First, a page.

“Can I eat pineapple when I’m pregnant?” A patient asked during a routine office visit this week.
“Yes, pineapple is great.” I replied, a little perplexed by the odd question.
“Are you sure? Because my friend’s mom’s sister is a nurse and she said I shouldn’t.” she replied.
“Yes, pineapple is fine. Some people think it helps to bring on labor but studies show it doesn’t really work for that. It is definitely not harmful. If pineapple is something that you are craving, then go for it.” I replied nonchalantly.
Later, I as thought back to this conversation, I began to chuckle.
Where are people coming up with this nonsense?
Must be the Internet.
A quick Google search lead me to several legitimate appearing websites that were declaring the dangers of many foods in pregnancy. The sensational headlines read:
“Pineapples cause preterm birth and miscarriage.”
“Peaches can lead to gestational diabetes.”
“Strawberries can make your baby develop food allergies.”
At first, I laughed at the ridiculousness of these pages.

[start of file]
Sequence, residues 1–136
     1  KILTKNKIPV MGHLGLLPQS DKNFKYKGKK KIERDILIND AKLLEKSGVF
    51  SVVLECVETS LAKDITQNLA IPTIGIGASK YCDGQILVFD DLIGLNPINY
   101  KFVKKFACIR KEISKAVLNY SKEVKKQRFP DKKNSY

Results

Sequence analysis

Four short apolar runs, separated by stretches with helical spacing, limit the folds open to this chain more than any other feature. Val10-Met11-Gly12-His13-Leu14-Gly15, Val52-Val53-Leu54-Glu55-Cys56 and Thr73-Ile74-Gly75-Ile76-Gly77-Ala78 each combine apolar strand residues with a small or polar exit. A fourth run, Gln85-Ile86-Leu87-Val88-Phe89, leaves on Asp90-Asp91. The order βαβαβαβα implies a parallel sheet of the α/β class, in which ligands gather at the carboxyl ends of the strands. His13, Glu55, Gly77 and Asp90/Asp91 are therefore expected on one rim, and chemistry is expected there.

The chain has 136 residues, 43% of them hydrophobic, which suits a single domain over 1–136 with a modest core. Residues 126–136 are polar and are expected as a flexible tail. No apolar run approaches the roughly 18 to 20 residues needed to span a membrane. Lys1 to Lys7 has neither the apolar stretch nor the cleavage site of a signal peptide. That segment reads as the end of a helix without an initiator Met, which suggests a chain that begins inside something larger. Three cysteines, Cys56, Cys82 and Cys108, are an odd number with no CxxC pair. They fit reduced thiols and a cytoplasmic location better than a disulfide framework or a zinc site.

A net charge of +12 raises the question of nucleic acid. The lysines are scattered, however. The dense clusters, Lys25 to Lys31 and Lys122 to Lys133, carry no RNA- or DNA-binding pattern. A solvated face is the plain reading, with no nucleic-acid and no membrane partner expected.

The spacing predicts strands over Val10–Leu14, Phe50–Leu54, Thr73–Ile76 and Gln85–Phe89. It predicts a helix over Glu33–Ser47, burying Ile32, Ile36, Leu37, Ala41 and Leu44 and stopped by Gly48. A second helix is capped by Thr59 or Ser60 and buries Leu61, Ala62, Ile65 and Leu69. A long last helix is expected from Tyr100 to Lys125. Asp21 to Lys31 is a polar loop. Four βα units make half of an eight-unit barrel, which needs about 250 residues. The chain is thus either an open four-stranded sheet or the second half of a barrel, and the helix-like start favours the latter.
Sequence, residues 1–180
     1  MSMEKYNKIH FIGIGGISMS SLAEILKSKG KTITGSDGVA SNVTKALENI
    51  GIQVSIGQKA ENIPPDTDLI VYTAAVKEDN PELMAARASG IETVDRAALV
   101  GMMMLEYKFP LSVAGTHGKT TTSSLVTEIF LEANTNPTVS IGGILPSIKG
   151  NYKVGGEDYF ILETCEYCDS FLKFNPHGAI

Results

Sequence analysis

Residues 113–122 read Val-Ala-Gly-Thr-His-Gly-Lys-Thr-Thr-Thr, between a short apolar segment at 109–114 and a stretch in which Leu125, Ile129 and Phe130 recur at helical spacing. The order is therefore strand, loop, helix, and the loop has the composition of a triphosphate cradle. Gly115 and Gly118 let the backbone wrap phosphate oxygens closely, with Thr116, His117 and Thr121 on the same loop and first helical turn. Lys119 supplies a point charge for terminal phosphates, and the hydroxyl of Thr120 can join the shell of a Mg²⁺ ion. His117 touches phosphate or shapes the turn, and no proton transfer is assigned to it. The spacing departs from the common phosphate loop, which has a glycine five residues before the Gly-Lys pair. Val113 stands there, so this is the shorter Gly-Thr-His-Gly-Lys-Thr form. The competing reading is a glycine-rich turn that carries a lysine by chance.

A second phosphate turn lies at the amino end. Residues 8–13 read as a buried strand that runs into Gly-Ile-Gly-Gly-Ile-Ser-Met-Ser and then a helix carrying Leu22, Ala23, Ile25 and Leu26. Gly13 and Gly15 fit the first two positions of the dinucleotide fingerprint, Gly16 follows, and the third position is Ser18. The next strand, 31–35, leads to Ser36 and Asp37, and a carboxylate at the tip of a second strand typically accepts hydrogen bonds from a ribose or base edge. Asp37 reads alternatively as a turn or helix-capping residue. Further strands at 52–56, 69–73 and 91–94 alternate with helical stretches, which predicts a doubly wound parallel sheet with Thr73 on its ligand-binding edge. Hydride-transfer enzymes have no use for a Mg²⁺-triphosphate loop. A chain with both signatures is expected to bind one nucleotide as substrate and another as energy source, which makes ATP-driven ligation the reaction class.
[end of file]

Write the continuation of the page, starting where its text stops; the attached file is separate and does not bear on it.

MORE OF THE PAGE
But wait, I thought, What if a mom who had recently suffered a miscarriage came across that site? In her search for answers, she suddenly remembers that she ate some pineapple during her pregnancy and begins to needlessly blame herself for her loss.
My laughter quickly turned to anger.
Hopefully most women would not believe such hogwash, but what if they did? I shudder to think how these women would feel. Pregnancy loss is painful enough without the element of guilt involved, especially the completely undeserved variety.
Even worse would be all the well meaning friends and relatives that might have ‘suggestions’ as to the reason for their loss after reading such a site. For hundreds of years we’ve had ‘old wives tales’ floating around. Now we have the Internet is full of glossy blogs perpetuating myths and half truths that confuse and condemn pregnant moms.
The truth is most fruits and vegetables are safe in pregnancy. Pineapple, strawberries and peaches are all great sources of fiber and nutrients that are wonderful to eat during pregnancy. And don’t even get me started on lunch meat. For a review of the foods that should be avoided or eaten with caution check out this previous post.
If you read something fishy on the web, then check with a legitimate site like WebMD or talk with your provider. On days when I wonder if the time and effort I put into this site are really worth it, I think about conversations like the one I had this week and keep typing away.
What are the craziest things that people have told you to eat or not eat during pregnancy?